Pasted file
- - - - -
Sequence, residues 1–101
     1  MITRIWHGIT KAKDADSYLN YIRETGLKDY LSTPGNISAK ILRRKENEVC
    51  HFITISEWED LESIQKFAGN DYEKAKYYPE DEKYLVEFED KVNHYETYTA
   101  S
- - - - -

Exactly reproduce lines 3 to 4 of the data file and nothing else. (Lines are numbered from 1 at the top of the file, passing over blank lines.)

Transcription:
    51  HFITISEWED LESIQKFAGN DYEKAKYYPE DEKYLVEFED KVNHYETYTA
   101  S